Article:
I hope, indeed, she will be so, above all if she is delivered of a son."

I dined with Madame d'Urfe, and we decided to send back Aranda to his boarding-school that we might be more free to pursue our cabalistic operations; and afterwards I went to the opera, where my brother had made an appointment with me. He took me to sup at Madame Vanloo's, and she received me in the friendliest manner possible.

"You will have the pleasure of meeting Madame Blondel and her husband," said she.

The reader will recollect that Madame Blondel was Manon Baletti, whom I was to have married.

"Does she know I am coming?" I enquired.

"No, I promise myself the pleasure of seeing her surprise."

"I am much obliged to you for not wishing to enjoy my surprise as well. We shall see each other again, but not to-day, so I must bid you farewell; for as I am a man of honour I hope never to be under the same roof as Madame Blondel again."

With this I left the room, leaving everybody in astonishment, and not knowing where to go I took a coach and went to sup with my sister-in-law, who was extremely glad to see me. But all through supper-time this charming woman did nothing but complain of her husband, saying that he had no business to marry her, knowing that he could not shew himself a man.

"Why did you not make the trial before you married?"

"Was it for me to propose such a thing? How should I suppose that such a fine man was impotent? But I will tell you how it all happened. As you know, I was a dancer at the Comedie Italienne, and I was the mistress of M. de Sauci, the ecclesiastical commissioner. He brought your brother to my house, I liked him, and before long I saw that he loved me. My lover advised me that it was an opportunity for getting married and making my fortune. With this idea I conceived the plan of not granting him any favours. He used to come and see me in the morning, and often found me in bed; we talked together, and his passions seemed to be aroused, but it all ended in kissing. On my part, I was waiting for a formal declaration and a proposal of marriage. At that period, M. de Sauci settled an annuity of a thousand crowns on me on the condition that I left the stage.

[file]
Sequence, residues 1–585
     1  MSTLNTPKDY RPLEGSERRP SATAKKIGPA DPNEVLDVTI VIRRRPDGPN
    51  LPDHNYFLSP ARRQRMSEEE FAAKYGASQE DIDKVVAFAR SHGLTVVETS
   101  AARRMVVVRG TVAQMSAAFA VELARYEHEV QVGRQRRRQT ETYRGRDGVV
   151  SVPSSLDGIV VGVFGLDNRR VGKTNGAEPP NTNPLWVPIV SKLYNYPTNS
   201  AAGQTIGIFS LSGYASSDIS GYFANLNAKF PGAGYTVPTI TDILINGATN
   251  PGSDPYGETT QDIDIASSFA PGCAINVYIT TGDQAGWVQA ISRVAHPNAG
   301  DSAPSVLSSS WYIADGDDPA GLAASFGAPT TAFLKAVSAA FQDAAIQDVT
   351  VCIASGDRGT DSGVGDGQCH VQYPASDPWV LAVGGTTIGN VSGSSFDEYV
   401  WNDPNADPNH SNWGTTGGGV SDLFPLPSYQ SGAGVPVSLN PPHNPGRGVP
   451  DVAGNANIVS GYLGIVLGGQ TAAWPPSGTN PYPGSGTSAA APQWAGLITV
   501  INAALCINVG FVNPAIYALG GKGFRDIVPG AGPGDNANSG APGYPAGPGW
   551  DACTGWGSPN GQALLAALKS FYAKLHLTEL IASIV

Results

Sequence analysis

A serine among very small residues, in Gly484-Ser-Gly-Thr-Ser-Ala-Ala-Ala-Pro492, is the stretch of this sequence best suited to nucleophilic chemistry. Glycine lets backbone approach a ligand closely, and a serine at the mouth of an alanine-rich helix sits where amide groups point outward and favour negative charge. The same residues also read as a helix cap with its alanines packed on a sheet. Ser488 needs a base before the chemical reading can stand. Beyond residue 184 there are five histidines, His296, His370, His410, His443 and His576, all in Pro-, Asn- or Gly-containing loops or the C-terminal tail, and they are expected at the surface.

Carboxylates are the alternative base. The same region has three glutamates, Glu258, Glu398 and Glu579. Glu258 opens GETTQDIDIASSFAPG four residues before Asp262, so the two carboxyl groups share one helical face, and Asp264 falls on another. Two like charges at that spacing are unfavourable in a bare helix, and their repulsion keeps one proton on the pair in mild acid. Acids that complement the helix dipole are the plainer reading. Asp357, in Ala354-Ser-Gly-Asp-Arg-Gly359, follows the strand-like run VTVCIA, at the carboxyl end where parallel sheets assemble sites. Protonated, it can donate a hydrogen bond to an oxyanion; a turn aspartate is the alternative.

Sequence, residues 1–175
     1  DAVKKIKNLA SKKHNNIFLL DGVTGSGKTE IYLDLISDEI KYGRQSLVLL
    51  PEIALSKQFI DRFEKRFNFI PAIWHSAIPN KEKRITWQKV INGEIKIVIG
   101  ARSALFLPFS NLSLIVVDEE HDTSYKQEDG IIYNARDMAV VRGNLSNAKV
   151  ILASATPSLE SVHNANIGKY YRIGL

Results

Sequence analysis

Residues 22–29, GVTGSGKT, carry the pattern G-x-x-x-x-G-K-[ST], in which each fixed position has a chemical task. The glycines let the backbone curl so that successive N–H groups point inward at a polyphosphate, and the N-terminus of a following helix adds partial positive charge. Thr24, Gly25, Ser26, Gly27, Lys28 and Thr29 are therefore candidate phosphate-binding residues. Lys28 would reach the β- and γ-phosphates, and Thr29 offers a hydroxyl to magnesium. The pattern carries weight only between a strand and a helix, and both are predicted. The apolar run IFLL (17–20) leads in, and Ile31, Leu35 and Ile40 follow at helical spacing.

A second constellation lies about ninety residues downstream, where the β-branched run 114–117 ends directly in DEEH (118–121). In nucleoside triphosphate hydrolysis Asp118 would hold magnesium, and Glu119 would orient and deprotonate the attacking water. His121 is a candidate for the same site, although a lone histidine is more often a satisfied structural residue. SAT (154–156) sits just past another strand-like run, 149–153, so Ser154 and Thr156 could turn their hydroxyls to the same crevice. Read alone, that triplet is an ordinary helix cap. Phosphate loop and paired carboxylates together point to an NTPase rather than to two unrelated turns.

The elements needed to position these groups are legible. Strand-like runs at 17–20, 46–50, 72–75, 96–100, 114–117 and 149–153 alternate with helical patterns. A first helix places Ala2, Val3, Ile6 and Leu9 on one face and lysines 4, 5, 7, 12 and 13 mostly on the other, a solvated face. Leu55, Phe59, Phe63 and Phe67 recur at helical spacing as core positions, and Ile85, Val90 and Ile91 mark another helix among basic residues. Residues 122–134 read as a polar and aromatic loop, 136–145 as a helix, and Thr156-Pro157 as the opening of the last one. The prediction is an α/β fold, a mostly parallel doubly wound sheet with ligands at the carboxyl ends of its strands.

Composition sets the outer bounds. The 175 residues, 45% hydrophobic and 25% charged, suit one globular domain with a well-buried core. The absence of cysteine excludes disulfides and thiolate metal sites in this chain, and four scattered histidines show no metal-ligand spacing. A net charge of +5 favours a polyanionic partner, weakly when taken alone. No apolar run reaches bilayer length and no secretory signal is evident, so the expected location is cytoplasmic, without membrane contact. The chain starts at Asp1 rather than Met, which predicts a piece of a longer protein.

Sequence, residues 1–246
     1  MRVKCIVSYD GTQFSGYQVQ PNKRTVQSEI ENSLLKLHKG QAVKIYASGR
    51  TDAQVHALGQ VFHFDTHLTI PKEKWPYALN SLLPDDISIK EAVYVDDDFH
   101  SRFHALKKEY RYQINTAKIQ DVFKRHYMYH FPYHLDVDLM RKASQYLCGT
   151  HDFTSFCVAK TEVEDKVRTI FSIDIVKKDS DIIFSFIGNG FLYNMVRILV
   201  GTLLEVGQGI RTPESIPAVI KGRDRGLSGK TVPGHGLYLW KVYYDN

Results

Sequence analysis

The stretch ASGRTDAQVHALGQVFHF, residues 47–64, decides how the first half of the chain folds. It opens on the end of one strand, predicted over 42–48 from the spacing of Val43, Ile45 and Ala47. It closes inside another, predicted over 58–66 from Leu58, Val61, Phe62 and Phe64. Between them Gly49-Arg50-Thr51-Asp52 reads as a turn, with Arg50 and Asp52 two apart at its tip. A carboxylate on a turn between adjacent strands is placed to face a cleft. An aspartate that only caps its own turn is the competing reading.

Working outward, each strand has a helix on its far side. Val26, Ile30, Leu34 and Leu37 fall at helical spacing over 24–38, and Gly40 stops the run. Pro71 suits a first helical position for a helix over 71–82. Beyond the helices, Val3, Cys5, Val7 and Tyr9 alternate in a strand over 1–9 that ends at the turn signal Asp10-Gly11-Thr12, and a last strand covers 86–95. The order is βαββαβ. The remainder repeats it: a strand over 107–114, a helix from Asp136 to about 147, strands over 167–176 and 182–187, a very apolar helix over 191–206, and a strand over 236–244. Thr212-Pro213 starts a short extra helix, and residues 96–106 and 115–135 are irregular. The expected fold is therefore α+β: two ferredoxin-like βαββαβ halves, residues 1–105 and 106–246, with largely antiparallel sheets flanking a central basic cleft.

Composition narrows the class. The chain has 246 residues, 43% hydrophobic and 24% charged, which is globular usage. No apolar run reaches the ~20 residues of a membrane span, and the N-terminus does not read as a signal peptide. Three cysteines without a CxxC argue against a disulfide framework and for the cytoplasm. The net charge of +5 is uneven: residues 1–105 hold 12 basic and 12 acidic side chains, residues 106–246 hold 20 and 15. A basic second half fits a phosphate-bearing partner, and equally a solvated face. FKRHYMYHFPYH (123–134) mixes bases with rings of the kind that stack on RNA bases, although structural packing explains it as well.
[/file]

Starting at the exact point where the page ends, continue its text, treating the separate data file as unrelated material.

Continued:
"In the spring M. de Sauci invited your brother to spend a month in his country house. I was of the party, but for propriety's sake it was agreed that I should pass as your brother's wife. Casanova enjoyed the idea, looking upon it as a jest, and not thinking of the consequences. I was therefore introduced as his wife to my lover's family, as also to his relations, who were judges, officers, and men about town, and to their wives, who were all women of fashion. Your brother was in high glee that to play our parts properly we were obliged to sleep together. For my part, I was far from disliking the idea, or at all events I looked upon it as a short cut to the marriage I desired.

"But how can I tell you? Though tender and affectionate in everything, your brother slept with me for a month without our attaining what seemed the natural result under the circumstances."

"You might have concluded, then, that he was impotent; for unless he were made of stone, or had taken a vow of chastity, his conduct was inexplicable."

"The fact is, that I had no means of knowing whether he was capable or incapable of giving me substantial proof of his love."

"Why did you not ascertain his condition for yourself?"

"A feeling of foolish pride prevented me from putting him to the test. I did not suspect the truth, but imagined reasons flattering to myself. I thought that he loved me so truly that he would not do anything before I was his wife. That idea prevented me humiliating myself by making him give me some positive proof of his powers."

"That supposition would have been tenable, though highly improbable, if you had been an innocent young maid, but he knew perfectly well that your novitiate was long over."

"Very true; but what can you expect of a woman impelled by love and vanity?"

"Your reasoning is excellent, but it comes rather late." "Well, at last we went back to Paris, your brother to his house, and I to mine, while he continued his courtship, and I could not understand what he meant by such strange behaviour.

Memoirs of Casanova Volume 4d Back Again to Paris Page 05

Memoirs of Jacques Casanova

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